Ben then had to go be Mayor of UnPub, but Chris and I stuck around to try a quick “cards with numbers” game that Levi’s been toying with. Each player starts with an identical hand of 1-5 and is attempting to blind bid on the rest of the deck (ranked 6-12) in order to end the game with the most valuable 5-card hand. It worked really well, especially due to the bidding being won being the lowest card that wasn’t tied by anyone else. I won a bunch of higher valued cards in the first round, improving my end for the final scoring but dramatically reducing my bidding power. It was super fun, and had some great moments when someone was forced to downgrade a card thanks to an unlucky bid.
I joined Jessica and Mosley for a quick (though less quick than expected) dinner at Chipotle before heading back to the convention centre. Officially playtesting was over and it was UnPub After Dark, but this year without consciously deciding to, I stuck with prototypes. I asked Daniel Solis about Kitsune’s Tails which he’d mentioned pre-UnPub but I hadn’t seen him test, and he mentioned it needed some things hashed out. I love sitting down with Daniel to play around with an idea and so Jessica, Mosley and I joined him for some tests. We tried a couple of different ways to score and assess the rounds, and I hope in the end that it helped. We were joined for the second and third versions by Lacey who was a pre-teen ball of sass and fire, and her threatening Daniel and Mosley with terrible consequences for considering taking the cards she wanted might be my memory of the con.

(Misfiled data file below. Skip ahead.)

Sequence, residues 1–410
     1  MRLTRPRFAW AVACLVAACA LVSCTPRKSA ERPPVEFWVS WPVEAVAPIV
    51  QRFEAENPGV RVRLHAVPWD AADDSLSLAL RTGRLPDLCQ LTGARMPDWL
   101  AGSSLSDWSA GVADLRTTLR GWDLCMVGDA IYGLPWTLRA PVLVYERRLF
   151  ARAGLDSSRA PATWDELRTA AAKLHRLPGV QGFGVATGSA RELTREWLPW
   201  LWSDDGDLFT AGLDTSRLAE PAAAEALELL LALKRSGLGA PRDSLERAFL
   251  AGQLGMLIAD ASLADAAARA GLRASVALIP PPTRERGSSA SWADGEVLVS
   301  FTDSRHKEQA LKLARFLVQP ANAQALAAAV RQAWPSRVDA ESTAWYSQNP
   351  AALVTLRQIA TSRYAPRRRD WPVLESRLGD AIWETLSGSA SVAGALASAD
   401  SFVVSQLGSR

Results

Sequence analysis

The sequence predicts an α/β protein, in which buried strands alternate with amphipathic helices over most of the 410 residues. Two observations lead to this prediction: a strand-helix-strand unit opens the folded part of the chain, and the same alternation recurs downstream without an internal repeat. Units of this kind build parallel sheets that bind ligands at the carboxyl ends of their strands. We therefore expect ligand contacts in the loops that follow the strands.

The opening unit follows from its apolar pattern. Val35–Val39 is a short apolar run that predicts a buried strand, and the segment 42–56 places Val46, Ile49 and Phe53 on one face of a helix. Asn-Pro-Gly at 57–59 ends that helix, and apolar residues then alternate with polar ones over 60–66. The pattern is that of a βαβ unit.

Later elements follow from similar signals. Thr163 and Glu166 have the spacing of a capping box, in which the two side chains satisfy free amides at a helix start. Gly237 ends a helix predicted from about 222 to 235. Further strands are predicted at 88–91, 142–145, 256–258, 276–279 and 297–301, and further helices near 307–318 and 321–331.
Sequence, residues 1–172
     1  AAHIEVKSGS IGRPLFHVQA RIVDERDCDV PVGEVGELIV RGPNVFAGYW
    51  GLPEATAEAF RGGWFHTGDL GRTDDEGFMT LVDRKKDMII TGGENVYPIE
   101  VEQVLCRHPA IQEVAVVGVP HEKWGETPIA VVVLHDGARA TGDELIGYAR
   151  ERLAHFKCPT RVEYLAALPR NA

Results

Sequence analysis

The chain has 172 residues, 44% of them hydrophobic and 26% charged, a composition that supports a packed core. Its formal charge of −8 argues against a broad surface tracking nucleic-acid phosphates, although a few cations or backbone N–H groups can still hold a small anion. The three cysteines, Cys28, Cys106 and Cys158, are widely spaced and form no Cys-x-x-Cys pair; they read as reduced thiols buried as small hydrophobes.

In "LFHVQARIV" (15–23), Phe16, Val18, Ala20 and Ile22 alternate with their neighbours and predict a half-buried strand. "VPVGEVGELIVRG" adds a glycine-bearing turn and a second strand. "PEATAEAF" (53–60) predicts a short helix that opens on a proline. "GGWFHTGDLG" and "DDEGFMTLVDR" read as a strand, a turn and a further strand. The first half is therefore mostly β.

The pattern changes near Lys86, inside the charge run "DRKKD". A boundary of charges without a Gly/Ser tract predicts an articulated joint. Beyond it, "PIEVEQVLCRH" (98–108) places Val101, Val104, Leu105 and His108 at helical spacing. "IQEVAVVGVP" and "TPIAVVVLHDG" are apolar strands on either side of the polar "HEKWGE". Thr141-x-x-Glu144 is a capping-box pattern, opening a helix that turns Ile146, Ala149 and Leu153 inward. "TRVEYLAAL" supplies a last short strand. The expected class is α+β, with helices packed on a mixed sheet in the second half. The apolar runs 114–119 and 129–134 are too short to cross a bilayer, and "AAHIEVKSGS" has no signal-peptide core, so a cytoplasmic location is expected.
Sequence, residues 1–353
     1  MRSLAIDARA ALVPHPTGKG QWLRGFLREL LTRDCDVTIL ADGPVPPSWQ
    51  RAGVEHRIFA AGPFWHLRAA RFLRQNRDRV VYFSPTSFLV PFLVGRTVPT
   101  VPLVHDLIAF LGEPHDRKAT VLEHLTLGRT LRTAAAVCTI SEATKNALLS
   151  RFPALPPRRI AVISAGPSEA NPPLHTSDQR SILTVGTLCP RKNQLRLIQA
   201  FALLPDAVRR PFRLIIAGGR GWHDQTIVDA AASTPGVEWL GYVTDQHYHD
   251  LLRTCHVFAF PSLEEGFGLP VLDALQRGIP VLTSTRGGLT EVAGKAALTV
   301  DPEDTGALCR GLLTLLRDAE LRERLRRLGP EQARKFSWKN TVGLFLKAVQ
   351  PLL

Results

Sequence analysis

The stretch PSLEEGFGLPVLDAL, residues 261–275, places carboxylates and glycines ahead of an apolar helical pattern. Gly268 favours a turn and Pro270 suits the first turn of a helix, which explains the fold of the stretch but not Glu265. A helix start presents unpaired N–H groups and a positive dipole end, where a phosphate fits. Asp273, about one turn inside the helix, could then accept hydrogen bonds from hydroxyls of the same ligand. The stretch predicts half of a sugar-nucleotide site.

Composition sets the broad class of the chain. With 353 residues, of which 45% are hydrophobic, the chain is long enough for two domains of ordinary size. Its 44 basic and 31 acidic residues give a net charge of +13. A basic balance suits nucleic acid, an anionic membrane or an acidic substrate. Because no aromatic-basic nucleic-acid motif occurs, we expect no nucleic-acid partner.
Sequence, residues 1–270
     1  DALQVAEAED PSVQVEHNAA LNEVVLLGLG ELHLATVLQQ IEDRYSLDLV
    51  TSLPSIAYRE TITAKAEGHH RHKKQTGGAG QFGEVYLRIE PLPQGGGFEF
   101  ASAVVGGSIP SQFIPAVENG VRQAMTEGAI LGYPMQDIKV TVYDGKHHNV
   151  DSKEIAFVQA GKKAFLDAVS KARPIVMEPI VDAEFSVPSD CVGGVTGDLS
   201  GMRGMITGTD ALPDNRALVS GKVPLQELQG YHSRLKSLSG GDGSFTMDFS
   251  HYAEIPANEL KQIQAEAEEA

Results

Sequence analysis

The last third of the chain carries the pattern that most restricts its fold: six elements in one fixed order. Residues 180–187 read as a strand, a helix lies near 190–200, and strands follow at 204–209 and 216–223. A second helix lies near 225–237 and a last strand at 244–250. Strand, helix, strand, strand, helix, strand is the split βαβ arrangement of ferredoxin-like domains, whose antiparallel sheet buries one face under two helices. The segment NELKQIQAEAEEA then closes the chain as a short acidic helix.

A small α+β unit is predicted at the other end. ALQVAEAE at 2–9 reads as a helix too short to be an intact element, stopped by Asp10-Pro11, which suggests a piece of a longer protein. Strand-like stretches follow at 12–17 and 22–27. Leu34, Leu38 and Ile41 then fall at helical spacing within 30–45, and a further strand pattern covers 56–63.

We then moved over to the Ridback table where I finally got my hands on Fleet: Dicey Waters. I was playing against Matt Riddle, Mosley, and Jessica so the crowd was tough but oh man, the game is awesome. It’s so much heavier than the description “Roll & Write” would suggest (it takes an hour for crying out loud), and I loved it so much, more than Fleet actually. The decisions are tough and interesting, there are tons of strategies to explore, and it all gels together beautifully. I can’t wait to see the final product, and when it’s released (which it will be), it’ll be proudly sitting on my shelves.
Next up, we were joined by Jason Dinger for a 5-player game of Ladder 29, the game that inadvertently inspired a mini-rant from me on Twitter recently. Apart from a very confusing game of Tichu some years ago, this was my first ladder-climbing game, and while I can see that it’s good, the game is definitely not a game for me. But, if you like classic games like this, the drafted restrictions do add some interesting choices. It’s on Kickstarter through April 12th and is published by Green Couch Games so you know production and fulfillment will be stellar.
At this point I was planning to head for the hotel, but I was stopped by Chris Mosley bringing out a non-UnPub game that I just had to try. Unlike a certain recent Kickstarter, Mark Mosley’s Hits & Home Runs is a personal reskin of Eggs & Empires that was created in honour of Ben Pinchback & Matt Riddle and their love of baseball. His brother had brought it to the convention, and Matt & Ben jumped at the chance to try it out. I couldn’t pass up the chance to share their enthusiasm and so joined the game. It was actually a really neat reworking of the game as it added a field element with runners rounding the bases to score runs based on the hit cards gained during the bidding. And the cards were awesome paste-ups of baseball cards which had everyone chuckling over hairstyles, facial hair, and one odd inclusion of a parrot!?! Mark had also illustrated Fleeple baseball cards for the pair, which they were thoroughly delighted with. It was a great end to the day, before we packed up and returned to join a motley crew hanging out chatting & grabbing a beer in the hotel lobby.
Featured image of Daniel Newman, Tony Miller, and myself courtesy of Aaron Wilson